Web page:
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Tuesday, March 18, 2008

Have your say

Readers respond to last month's SOFA article

The Community Page received a number of responses to Michael Hassett's article "U.S. military crime: SOFA so good?" which appeared in the Zeit Gist spot on Feb. 26 (Feb. 27 in some areas). Following are some examples.

HIDDEN CRIMES

I just left Okinawa after three years of working at the U.S. Naval Hospital. While I was there I had the opportunity to lecture at Okinawa International University for their Social Welfare program on the topics of domestic violence and child abuse trends in the US and Japan.

From the research, there seems to be no difference in rates of child abuse or domestic violence between our two countries, which is counter to the "perceptions" out there. The difference is in the area of reporting. This makes me think that the rates Michael Hassett quoted are even more skewed considering the failure to report these crimes and instead "take care of it within the family."

Lt. Jim Condon
Regional Clinical Social Worker, Commander Navy Region Europe (CNRE) Fleet & Family Support Program,
Naples, Italy

Military crime wave myth

I was pleased to read Michael Hassett's recent article on the U.S. military and crime in Japan. Crime is a concern for everyone and statistics can sometimes blur the fact that real people are victims of violent acts. Living in Japan for nearly three years in the 1980s, I was always impressed with the overall lack of crime.

In 2006, Japan had about 1,948 rapes. If Japan had the same incidence rate as the U.S., this number would be nearly 40,000. From the data I have seen, in Okinawa between 1996 and 2006 the incidence rate for U.S. military forces was nearly four times less than the expected rate for the general male population on Okinawa.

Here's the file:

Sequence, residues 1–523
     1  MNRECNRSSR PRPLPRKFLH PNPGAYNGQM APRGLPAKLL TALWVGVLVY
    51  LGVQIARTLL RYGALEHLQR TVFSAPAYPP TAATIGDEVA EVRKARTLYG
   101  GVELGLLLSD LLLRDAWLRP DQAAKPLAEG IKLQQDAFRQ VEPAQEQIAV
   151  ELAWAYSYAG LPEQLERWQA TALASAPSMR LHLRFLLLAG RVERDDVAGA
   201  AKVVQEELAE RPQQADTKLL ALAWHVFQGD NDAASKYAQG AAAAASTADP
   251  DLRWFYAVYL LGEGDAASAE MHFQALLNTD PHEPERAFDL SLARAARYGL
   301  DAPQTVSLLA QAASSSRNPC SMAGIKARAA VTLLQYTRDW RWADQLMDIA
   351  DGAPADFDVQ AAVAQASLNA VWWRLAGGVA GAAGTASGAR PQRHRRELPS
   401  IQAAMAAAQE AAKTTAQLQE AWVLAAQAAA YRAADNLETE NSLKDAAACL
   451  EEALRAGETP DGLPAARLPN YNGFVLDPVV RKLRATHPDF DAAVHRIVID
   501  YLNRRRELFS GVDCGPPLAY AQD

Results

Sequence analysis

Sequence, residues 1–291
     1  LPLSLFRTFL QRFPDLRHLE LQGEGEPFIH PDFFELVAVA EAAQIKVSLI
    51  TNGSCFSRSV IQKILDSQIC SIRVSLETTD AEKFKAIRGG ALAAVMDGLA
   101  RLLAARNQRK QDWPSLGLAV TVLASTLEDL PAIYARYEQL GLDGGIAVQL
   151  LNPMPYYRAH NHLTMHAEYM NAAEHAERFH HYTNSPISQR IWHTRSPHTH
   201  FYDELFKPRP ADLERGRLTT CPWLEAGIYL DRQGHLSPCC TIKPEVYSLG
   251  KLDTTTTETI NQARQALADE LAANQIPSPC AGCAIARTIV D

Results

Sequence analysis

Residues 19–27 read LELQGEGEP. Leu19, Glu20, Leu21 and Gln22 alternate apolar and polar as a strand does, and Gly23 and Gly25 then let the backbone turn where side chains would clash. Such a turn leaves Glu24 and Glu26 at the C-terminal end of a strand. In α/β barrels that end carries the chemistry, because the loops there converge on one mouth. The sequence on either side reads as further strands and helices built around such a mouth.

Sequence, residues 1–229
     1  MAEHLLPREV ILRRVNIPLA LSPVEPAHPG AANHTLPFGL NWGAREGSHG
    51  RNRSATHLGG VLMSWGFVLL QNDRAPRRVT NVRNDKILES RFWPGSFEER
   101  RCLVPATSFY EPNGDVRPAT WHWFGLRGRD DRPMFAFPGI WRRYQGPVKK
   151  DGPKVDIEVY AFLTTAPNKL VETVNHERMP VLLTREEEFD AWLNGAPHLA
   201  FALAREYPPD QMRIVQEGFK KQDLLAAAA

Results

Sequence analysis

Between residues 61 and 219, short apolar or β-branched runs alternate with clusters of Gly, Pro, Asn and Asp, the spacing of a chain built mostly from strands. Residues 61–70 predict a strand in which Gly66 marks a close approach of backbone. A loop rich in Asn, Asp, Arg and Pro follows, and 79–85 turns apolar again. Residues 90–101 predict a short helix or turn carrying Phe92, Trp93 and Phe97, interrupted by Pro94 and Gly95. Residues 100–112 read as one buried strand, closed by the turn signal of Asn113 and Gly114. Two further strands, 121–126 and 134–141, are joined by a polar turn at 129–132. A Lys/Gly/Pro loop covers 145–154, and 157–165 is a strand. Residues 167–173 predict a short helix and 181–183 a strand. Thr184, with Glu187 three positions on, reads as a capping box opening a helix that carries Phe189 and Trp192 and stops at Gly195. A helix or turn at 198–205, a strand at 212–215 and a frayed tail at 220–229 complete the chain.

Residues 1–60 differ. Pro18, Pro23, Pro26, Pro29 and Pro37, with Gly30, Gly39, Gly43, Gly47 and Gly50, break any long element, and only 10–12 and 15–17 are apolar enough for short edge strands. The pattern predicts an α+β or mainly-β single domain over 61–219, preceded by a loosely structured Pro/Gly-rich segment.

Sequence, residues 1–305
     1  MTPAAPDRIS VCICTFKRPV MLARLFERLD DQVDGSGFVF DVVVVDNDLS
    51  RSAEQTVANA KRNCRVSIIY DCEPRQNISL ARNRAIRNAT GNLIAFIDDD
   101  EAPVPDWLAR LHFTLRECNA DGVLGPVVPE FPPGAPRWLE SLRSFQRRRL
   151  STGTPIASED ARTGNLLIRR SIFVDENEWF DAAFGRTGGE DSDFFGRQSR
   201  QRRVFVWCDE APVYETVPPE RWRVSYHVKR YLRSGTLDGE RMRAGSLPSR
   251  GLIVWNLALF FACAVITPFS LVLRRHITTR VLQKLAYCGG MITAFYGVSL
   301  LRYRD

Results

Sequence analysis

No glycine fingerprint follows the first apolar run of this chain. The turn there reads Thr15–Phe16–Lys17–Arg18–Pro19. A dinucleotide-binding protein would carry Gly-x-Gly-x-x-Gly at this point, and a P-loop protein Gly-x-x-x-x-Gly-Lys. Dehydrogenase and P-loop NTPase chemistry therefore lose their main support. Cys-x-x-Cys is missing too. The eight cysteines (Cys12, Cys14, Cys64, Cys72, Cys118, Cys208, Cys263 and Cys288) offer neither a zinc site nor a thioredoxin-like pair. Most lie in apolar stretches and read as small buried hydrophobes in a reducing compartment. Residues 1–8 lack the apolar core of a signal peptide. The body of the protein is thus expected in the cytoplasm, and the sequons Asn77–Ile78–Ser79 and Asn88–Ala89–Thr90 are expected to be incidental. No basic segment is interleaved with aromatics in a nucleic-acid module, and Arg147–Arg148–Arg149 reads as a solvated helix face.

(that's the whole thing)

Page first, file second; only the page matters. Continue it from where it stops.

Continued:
There is a danger in working with very small numbers in statistics and this is the case in this example. As I mention above, one rape is too many. But the notion that there is a U.S. military crime wave on Okinawa is not supported by the data.

Dr. Ron McNinch-Su, Chair of Public Administration and Legal Studies, University of Guam

Offering a rewrite

I would just like to make a couple of points about Michael Hassett's article.

First, the amount of time that soldiers spend on base, and the amount of time they spend in Japanese cities, should be considered. If, for example, they spend half their time on base then your case is only half as compelling. The writer does allow for this towards the end of the article, mentioning crimes on base, but perhaps time spent on base is more knowable and thus more useful to consider.

Also, it's a little unfair to compare free citizens with soldiers who live with many restrictions and pressures. With the stakes as high as they are for the U.S. and soldiers, one could logically predict the rate would be lower for soldiers.

Finally, I'd guess for most Japanese who protest the stats don't matter: They want the bases closed regardless of the circumstances. The last paragraph could as fairly be rewritten:

"Many believe the Japanese government has the right to force citizens in Okinawa to bear the brunt of their focus on militarism whether they like it or not, but as long as locals feel they should have a voice about who they host to live in their communities, voices of protest will be raised against violent crimes committed by soldiers regardless of statistics.